This is one of the solutions we were not familiar with. However, we are told that it is an old word. A convention in the thematic cryptics is that the setter can play with capital letters. His Patty might lose her capital letter to produce the solution.
33a Confusion about last of bottle? More decant? The opposite (5)
My earlier comment about obvious misprints (this is a rare Brock one!) should help you here.
34a Kip, 100 at note apparently (6)
Chambers has an astonishing 7 headwords for ‘kip’. We broke this clue into four little parts (as well as the definition) to find one of them.
36a Agas destroy opponents leading peaceful society (5)
We were mystified by the wordplay here but suspected a misprint and worked back from what we decided had to be our solution, bearing in mind that ‘opponents’ are often those in a game of bridge, so N and S play against E and W. We subtracted a pair of opponents from a word meaning ‘peaceful’ and put an abbreviation for ‘society’ at the end.
37a Macbeth’s guarded once his fate’s announced (6)
Tough, tough! Brock is using Scottish wordplay – a Scots’ word for ‘fate’ (that is probably familiar to you in the context of those fateful sisters in Macbeth). That word is ‘announced’ – suggesting a homophone – and it sounds like a Scots’ obsolete (once) word for ‘guarded’. Five of the letters from down clues will help.
3d Japanese diplomat returning to York at start of April (5)
This clue took us to Wikipedia. It could have referred to a Japanese musician or name of furniture but the worthy diplomat gave a fascinating account that deserved mention. We realized that the misprint had to be somehow hidden in the ‘returning to York’. Our comment about capital letters in 25a applies again.
5d Worked hard but lacking light, closed earlier (7)
One of those rare words here (suggested by ‘earlier’ – an old word). Something had to be removed from a term for ‘worked hard’ to produce this word.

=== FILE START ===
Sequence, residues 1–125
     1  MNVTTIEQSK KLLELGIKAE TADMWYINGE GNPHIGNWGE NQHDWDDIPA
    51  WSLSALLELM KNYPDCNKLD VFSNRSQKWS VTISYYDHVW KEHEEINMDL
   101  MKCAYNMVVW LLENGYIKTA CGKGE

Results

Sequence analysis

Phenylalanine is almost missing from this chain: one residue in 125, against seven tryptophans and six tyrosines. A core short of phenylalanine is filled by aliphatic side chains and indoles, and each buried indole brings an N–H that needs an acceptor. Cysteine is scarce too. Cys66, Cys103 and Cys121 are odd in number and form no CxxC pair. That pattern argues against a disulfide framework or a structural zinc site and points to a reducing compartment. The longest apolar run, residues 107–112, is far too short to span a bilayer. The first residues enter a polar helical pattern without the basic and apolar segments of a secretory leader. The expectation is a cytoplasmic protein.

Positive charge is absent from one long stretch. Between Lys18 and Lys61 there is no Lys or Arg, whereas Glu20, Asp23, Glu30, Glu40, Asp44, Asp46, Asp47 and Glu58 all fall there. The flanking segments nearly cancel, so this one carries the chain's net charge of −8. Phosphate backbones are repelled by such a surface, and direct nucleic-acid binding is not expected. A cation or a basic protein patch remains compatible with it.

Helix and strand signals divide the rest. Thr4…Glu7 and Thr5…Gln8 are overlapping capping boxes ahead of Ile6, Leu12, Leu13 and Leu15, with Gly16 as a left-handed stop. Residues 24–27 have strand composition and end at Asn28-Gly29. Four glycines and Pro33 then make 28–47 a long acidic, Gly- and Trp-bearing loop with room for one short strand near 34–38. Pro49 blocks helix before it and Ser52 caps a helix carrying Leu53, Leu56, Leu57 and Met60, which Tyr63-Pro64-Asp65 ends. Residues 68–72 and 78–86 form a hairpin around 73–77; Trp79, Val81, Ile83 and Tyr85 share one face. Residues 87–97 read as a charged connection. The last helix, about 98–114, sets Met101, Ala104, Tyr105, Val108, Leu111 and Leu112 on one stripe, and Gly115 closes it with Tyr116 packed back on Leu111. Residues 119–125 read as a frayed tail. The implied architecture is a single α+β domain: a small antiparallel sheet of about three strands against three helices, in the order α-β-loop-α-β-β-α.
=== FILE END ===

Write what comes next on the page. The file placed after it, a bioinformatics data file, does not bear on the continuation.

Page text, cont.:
7d Fat lot Monsieur’s leaving by end for Madame (4)
French here; there’s a familiar abbreviation for Monsieur leaving a short word for ‘lot’ and we need another short French word.
8d Composer of housey riff regularly employed (4)
Brock obviously found it difficult to produce his misprint and the extremely difficult-to-clue proper name – we have a rare (for him) wonky surface reading and a fairly obvious misprint to help us.
Remember that we are scanning the grid from time to time as the theme is going to become ‘partly visible’. Spotting it will help us make ‘key changes’ and could guide us to what the remaining 11 corrected misprints (the original list) are spelling out.
21d Monstrosities – note runt at anterior (6)
Here is another unusual word and again, we broke a clue into four mini clues to create the solution we required.
23d Tanning agent – 2 doses from top of nebuliser applied repeatedly (6)
What you probably already have in the grid will help here. We had never encountered this word before. It has a hyphen and is ‘probably an African word’ in Chambers. Remember that the convention in the thematic cryptics is to treat a hyphenated word as though it is a single word with no hyphen. There is a rather sneaky trick connected with the misprints in this clue and the next one.
30d James Watt’s much inclined to use bent eyebolt in part (4)
Yes, a Scottish indicator for a word you probably don’t know, just as the ‘locally’ in the next clue suggests a dialect word.
One way or another, you will have spotted the theme and the small alterations needed in the grid will be evident. It gives a fine ‘aha’ moment. Be careful about the 9-letter instruction concerning the ‘appropriate form’ of one thematic item and to ‘highlight all the items on the original list’.